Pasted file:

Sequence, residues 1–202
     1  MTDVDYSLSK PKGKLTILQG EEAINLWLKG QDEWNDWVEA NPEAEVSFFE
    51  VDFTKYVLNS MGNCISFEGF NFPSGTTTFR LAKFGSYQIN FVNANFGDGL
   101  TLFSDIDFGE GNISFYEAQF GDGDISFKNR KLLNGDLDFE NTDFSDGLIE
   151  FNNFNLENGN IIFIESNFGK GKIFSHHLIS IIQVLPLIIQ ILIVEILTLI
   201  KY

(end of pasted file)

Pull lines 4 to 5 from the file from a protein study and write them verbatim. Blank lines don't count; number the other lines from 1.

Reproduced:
   101  TLFSDIDFGE GNISFYEAQF GDGDISFKNR KLLNGDLDFE NTDFSDGLIE
   151  FNNFNLENGN IIFIESNFGK GKIFSHHLIS IIQVLPLIIQ ILIVEILTLI